Good Young Adult fiction available from our library…

Recently we’ve been reading more from our collection and for a while Mrs Maxted had been intending to read books by Joyce Carol Oates, knowing her to be a renowned American writer of adult fiction.  A quick search on our shelves threw up one title: big mouth & ugly girl published in 2003.  Oates’s first novel written for young adults tells the story of two high school students thrown together due to an incident taken to be a threat to the school and its students.  Matt Donaghy, a good student who is popular with classmates through his ability to make people laugh, finds himself accused of threatening to blow up the school and shoot students and staff if the play he is writing is not selected for the school’s drama festival…  Outsider and ‘ugly girl’ (she has given herself this name), Ursula Riggs, knows what really happened and informs the school’s principal after Matt has spent several hours trying to exonerate himself at the police station.  The book is told from the perspective of each character and follows subsequent events and the experiences of both students as they come to show the truth of what really occurred, as well as getting to know each other.  This is a very well-told story and Mrs Maxted’s view was endorsed by a current Year 12 student as they waited in the queue at the recently-held blood donation session at school!

It’s an interesting standpoint showing what can happen when an off-the-cuff remark is taken out of context, especially in light of other works on a similar theme, for example Lionel Shriver’s We need to talk about Kevin and actual events known to have happened such as in Columbine High School in 1999.  Let us know what you think…

Mrs Maxted’s second book choice in the last couple of weeks was Julia Green’s Baby Blue.

Baby Blue picks up Mia’s story (begun in Blue Moon) just after the birth of her baby. Mia is sixteen now, and still living with Dad, although this relationship comes increasingly under strain. Not only is Mia having to work out the complicated emotional and practical implications of being a mother when she herself is still a child, with huge emotional needs of her own, she is also having to negotiate new relationships with the adults and young people around her.” Synopsis courtesy of amazon.co.uk

This book gives good insight as to what life can be like for a young mother such as Mia. It does not go into great depth but expresses the thoughts and difficulties experienced by Mia and her family in the first weeks of the baby’s life.  By the end of this part of her story, Mia recognises that she is more fortunate than some girls in her situation, and, although it is difficult for her to accept, she understands that the people around her need to focus on their own lives, as they have also been affected by her decision to keep her baby.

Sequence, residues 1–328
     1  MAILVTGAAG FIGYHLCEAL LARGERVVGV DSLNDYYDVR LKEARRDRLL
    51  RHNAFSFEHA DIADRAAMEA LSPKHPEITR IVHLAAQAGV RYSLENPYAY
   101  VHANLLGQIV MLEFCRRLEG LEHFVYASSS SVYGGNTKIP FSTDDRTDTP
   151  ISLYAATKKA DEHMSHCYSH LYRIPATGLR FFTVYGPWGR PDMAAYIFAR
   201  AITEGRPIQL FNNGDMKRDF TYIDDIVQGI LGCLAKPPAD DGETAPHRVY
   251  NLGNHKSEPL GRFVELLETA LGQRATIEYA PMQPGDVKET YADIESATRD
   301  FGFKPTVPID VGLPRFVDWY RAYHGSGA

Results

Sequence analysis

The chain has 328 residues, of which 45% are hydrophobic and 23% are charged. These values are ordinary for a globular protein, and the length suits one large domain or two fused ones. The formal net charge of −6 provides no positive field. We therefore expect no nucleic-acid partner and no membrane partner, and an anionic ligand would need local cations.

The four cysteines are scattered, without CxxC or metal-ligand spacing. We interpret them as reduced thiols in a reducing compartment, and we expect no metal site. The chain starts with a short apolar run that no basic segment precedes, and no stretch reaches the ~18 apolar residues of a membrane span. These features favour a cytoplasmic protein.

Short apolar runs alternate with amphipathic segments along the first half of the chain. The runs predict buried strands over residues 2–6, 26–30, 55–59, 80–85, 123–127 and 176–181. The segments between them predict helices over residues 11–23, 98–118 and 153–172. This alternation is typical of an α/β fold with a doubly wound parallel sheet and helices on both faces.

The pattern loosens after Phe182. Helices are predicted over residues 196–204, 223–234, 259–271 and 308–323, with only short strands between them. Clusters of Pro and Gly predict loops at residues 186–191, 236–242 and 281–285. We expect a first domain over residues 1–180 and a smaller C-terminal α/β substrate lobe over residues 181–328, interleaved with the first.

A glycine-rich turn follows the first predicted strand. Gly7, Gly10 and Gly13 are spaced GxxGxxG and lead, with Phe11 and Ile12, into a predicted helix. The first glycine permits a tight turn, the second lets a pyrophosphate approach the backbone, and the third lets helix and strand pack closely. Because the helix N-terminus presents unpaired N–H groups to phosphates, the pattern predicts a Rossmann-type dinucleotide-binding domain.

Look out for more reviews of our Sixth Form Collection here soon!

may contain nuts (John O’Farrell)

Mrs Koulouris recommended this title to Mrs Maxted for her third book to read over the holidays and found it in the school library.   It is a funny book and, gasping incredulously, she was gripped until the end!  O’Farrell writes convincingly as a woman, which is never an easy proposition for a writer, but one successfully accomplished here.

“Alice never imagined that she would end up like this. Is she the only mother who feels so permanently panic-stricken at the terrors of the modern world – or is it normal to sit up in bed all night popping bubble wrap? She worries that too much gluten and dairy may be hindering her children’s mental arithmetic. She frets that there are too many cars on the road to let them out of the 4×4. Finally she resolves to take control and tackle her biggest worry of all: her daughter is definitely not going to fail that crucial secondary school entrance exam. Because Alice has decided to take the test in her place…  With his trademark comic eye for detail, John O’Farrell has produced a funny and provocative book that will make you laugh, cry and vow never to become that sort of parent.”  NielsenBookDataOnline

If you have read this novel, do you agree that the author has written convincingly as a woman?  Interesting subject…

One Moment, One Morning (Sarah Rayner)

Another of Mrs Maxted’s Christmas reads was Sarah Rayner’s novel One Moment, One Morning.  This is a story told from the perspectives of three women affected by a single event and how they come to terms with its aftershocks during the ensuing week.

“The Brighton to London line. The 07:44 train. Carriages packed with commuters. A woman applies her make-up. Another occupies her time observing the people around her. A husband and wife share an affectionate gesture. Further along, a woman flicks through a glossy magazine. Then, abruptly, everything changes: a man has a heart attack, and can’t be resuscitated; the train is stopped, an ambulance called. For at least three passengers on the 07:44 on that particular morning, life will never be the same again. Lou witnesses the man’s final moments. Anna and Lou share a cab when they realise the train is going nowhere fast. Anna is Karen’s best friend. And Karen? Karen’s husband is the man who dies. Telling the story of the week following that fateful train journey, “One Moment, One Morning” is a stunning novel about love and loss, about family and – above all – friendship. A stark reminder that, sometimes, one moment is all it takes, it also reminds us that somehow, and despite everything, life can and does go on.”  NielsenBookDataOnline